A lot happened this week at the federal level, and I’m going to my best to give you an overview of what I’ve been up to in response to recent events across Canada.
I want to begin by thanking the thousands of constituents who were in touch with my office this past week about our Conservative motion calling for the government to lay out a plan for lifting federal mandates and safely re-opening our country.
With more than 90% of Canadians vaccinated, we now have a higher vaccination rate than many countries that have begun safely lifting restrictions, like Denmark, the United Kingdom, the Czech Republic, Israel and Finland.
We’ve also seen provincial health officials across Canada beginning to lift restrictions, and even Canada’s chief public health officer Dr. Theresa Tam has stated Canada needs to re-examine our restrictions.
Canadians have done our part, and now it’s time for the government to set out a roadmap to normalcy and hope. We deserve to know what their plan is to bring us back to normal.
I was proud to join my Conservative colleagues in moving a motion to have the federal government provide a roadmap for re-opening and the lifting of restrictions. However, I was disappointed that outside of one lone Liberal dissenter, the NDP and Liberal MPs voted our motion down.
They didn’t believe Canadians deserved to know when the government intends to lift restrictions and what metrics the government is using to justify re-opening, closures and mandates.
I know many Canadians are justifiably tired and with no plan to lift restrictions, many are losing hope. Parliamentary debate, connecting with your elected officials, having your representatives bring your voice to the table and peaceful protest are the correct forums for that frustration. Blockading critical infrastructure is unlawful and never the right way to express frustration.
The Conservative Party is the party of law and order. We want a peaceful end to all protests. I’m happy to report that many of the border crossings that were blocked have now been peacefully re-opened due to diligent work by law enforcement.
Even with this, the prime minister took the extraordinary action of invoking the Emergencies Act. In its current version (since 1988), this is the first time it has been used. There are four types of emergencies in the Act—public welfare emergency, public order emergency, international emergency, and war emergency.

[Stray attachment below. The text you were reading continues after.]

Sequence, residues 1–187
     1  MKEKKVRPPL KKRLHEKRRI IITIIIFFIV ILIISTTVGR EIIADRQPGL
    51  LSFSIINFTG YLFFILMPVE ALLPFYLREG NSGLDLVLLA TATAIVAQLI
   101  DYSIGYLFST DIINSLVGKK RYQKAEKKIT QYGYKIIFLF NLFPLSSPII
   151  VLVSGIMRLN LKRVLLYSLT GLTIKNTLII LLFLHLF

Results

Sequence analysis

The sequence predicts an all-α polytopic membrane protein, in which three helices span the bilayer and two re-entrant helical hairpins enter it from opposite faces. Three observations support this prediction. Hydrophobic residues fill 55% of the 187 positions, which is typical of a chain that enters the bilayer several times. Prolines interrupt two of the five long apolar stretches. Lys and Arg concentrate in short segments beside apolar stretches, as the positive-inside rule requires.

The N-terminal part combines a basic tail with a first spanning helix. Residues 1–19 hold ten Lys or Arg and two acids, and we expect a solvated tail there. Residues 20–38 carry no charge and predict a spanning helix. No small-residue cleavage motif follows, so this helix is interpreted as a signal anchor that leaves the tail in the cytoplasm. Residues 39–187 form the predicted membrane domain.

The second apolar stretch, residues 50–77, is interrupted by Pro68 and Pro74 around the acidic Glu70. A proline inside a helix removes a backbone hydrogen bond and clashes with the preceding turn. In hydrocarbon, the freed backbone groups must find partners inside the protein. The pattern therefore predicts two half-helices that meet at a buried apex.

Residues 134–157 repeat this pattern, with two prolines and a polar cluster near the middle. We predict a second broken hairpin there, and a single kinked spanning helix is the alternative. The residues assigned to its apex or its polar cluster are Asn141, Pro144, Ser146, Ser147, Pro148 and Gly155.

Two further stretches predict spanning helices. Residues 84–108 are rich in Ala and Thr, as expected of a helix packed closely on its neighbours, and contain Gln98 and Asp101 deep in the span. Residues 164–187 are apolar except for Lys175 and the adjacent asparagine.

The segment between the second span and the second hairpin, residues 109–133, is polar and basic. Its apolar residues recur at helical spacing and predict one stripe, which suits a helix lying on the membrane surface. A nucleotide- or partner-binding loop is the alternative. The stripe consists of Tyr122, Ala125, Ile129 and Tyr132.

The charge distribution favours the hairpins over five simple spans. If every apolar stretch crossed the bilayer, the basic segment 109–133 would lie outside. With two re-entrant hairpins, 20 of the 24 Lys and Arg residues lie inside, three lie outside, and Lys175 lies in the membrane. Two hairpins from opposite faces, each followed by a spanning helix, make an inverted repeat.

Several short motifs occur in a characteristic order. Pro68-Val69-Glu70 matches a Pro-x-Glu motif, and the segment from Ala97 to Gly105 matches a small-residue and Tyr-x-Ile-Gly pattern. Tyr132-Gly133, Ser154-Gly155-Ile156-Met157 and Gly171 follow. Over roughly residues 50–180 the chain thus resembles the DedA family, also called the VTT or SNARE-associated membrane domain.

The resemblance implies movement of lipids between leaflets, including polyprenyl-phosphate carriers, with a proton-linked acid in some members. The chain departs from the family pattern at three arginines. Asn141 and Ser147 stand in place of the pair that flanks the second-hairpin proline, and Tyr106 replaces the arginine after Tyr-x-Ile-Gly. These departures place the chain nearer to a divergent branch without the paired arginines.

The government cited the public order emergency. Upon analysis, many experts, provincial governments, my Conservative colleagues and I do not believe the threshold has been reached under the Act as a national emergency and most of the authority mentioned already exists within (existing) laws and with law enforcement agencies.
The measures are effective the date issued but must receive confirmation in the House of Commons, where there are unique parliamentary procedures that can occur. The Conservatives will debate against this through the weekend, me included.
If the majority of MPs vote against the government’s motion, it will be immediately defeated and the emergency powers revoked.
Another activity in Ottawa was debate on the opioid crisis, in which I participated as well. Opioid and fentanyl deaths are outpacing COVID-19 deaths. B.C.’s chief coroner says we are sadly losing six British Columbians a day to fatal overdoses, and we’ve seen many heartbreakingly lose loved ones in Kelowna-Lake Country.
Since my first speech in Parliament, I’ve asked the federal government to offer actionable items to address this. Kelowna has gone from counting drug deaths in single digits just 10 years ago to now having many then a dozen a year.
Inadequate access and poor funding for drug-treatment beds, community recovery centres and wraparound services are significant factors.
My heart also goes out to the heroes serving to save lives on the front lines of this, the first responders, health care professionals, charity workers and volunteers.
I know many of your efforts are still underfunded or reliant on donations and I will continue to press on this (issue) in Ottawa.
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